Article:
The Carolingians and the Gregorian Chant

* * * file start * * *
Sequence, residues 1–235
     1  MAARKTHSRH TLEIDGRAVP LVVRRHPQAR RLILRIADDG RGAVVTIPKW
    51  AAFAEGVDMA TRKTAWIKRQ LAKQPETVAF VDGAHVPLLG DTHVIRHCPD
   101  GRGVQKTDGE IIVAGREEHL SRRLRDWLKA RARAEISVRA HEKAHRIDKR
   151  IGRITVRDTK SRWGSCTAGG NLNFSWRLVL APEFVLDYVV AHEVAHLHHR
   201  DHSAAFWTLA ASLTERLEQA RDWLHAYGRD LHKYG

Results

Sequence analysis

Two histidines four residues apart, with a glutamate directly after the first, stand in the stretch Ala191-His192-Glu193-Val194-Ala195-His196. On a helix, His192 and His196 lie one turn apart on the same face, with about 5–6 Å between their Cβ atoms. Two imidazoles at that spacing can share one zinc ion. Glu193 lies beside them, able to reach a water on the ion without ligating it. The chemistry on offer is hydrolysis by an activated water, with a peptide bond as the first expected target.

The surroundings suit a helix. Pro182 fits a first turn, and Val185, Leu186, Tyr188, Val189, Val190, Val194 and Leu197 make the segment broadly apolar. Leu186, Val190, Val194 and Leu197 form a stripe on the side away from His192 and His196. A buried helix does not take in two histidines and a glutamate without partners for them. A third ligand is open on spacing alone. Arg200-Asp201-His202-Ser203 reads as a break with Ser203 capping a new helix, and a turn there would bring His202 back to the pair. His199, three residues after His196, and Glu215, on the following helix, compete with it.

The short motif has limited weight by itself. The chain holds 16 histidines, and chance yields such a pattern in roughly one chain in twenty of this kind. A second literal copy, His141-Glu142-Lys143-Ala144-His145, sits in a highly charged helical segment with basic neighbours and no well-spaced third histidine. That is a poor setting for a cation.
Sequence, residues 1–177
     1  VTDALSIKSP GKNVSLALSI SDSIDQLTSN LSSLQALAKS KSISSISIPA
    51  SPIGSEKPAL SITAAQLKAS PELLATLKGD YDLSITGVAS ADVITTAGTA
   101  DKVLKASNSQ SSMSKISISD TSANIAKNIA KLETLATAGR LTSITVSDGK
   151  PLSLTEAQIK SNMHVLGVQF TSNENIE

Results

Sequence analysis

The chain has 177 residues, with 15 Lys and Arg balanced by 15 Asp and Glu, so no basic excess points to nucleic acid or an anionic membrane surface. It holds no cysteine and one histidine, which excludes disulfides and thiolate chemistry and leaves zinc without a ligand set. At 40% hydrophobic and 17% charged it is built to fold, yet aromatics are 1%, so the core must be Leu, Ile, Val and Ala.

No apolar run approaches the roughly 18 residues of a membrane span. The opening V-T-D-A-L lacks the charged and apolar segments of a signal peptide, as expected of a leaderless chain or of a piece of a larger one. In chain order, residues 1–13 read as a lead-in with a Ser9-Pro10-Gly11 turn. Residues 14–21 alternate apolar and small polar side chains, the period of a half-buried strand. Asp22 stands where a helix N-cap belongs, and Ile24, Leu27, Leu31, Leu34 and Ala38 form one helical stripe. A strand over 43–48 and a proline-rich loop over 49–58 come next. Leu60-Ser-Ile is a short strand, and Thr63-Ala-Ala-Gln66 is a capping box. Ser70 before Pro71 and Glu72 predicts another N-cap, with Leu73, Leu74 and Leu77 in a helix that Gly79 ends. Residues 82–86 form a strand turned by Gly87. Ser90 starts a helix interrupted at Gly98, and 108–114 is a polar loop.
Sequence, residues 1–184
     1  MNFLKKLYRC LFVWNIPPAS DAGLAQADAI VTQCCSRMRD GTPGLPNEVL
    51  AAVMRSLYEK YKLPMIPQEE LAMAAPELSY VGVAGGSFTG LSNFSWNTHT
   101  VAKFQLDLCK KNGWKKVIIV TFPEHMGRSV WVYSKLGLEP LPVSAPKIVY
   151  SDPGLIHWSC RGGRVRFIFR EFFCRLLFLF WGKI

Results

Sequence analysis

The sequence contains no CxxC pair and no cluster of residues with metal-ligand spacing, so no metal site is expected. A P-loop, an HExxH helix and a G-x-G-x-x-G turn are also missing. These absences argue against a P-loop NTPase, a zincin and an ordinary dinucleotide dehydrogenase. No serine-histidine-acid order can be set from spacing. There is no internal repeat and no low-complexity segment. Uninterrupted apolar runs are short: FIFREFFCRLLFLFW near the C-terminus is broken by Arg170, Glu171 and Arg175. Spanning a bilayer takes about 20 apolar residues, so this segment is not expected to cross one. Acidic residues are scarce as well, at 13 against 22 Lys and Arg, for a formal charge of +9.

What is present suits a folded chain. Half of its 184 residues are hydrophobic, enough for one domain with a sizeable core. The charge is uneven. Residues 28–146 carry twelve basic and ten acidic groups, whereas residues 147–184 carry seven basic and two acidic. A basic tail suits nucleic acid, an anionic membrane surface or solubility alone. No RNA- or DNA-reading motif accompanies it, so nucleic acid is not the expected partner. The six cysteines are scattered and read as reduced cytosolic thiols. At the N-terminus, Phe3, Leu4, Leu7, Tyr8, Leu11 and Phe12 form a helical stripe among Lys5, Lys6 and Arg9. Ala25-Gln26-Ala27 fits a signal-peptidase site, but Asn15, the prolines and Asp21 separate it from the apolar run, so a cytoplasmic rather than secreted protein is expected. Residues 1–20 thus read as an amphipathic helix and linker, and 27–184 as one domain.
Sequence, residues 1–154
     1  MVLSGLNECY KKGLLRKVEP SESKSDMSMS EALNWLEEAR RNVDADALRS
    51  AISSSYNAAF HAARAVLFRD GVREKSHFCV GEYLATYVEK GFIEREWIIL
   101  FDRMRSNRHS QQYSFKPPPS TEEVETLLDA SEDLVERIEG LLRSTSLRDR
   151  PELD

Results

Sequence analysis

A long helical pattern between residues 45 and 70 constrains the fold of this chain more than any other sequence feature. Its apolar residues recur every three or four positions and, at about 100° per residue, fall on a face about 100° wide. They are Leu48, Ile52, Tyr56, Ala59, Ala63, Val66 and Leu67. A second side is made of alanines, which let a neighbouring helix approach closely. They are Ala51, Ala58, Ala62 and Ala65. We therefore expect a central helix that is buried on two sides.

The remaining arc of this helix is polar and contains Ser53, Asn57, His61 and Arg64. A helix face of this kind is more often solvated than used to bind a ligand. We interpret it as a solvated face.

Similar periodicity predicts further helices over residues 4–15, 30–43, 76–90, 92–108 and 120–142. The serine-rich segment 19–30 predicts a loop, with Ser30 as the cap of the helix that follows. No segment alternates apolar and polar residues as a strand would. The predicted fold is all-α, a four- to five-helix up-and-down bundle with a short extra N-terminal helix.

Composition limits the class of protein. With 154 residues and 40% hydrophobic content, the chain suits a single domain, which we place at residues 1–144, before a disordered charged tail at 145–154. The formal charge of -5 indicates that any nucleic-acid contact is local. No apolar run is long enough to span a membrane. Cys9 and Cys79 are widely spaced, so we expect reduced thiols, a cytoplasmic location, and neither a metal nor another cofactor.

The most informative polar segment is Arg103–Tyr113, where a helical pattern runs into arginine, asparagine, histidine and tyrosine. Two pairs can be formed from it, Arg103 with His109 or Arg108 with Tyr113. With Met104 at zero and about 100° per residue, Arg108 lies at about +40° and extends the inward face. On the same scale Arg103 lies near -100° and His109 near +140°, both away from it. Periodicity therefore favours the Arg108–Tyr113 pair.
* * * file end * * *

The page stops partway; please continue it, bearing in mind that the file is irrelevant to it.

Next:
As far as the Carolingians are concerned, it was Pippin the Short who first showed a great care for Church song, as he abolished the Gallican chant and imposed the Roman one for the sake of uniformity of the Western Church. He named Chrodegang like bishop in Metz. It was Charlemagne which put that to its highest point, taking care about the propagation of the Gregorian chant and adequate performance of it throughout the Empire. He further wanted to forbid any new creation in terms of chant as he attributed to Pope Gregory the Great the origin of that Church music. Charlemagne was aided by a technical knowledge of the subject, as he took in Rome with him members of his chapel so they might learn there and asked Pope Adrian I, in 774, to sent Roman cantors in the Frankish kingdom, on the other hand. Four of them came and settled in Metz, Soissons, at the court -then in Metz, and in St. Gall respectively, the latter because illness kept him there on his route to the court. In Metz, it was Archbishop Chrodegang who developed the chant. A form of emulation might have been at the origin of the coming of the Roman cantors as the cantors of the Gallic and Frank countries had claimed they were singing better than those of Rome. All cantors of the Frankish kingdom had to come and train in the schola of Metz. A imperial decree of 789 enjoined the whole Frankish clergy to learn the Roman chant and to perform the office according to the directions of Pippin the Short. The command was renewed at a synod held in 803 in Aachen and bishops and clerics were further ordered to establish "scholae cantorum", that is song schools as a direct support was provided for those already existing, namely Metz, Paris, Soissons, Orléans, Sens, Tours, Lyons, Cambrai, Dijon, Fulda, Reichenau, and St. Gall. This effort joined the one undertaken about schooling, generally, in the Empire. Children, both nobles and from the people, were learning the chant, with a special emphasis upon Psalms for the latters. Alcuin or Theodulf wrote for the chant. At last, Charlemagne, with not a whole success, tried too to abolish the use of the Ambrosian chant in the region of Milan. This development of the Gregorian chant in the Frankish kingdom had as a consequence that the Gregorian chant slightly took some different aspects from the original Gregorian period. It was under that form altered by Frankish and Gallic influences, that the Gregorian chant reached back Rome. And it was such that chant which dominated the whole following Middle Ages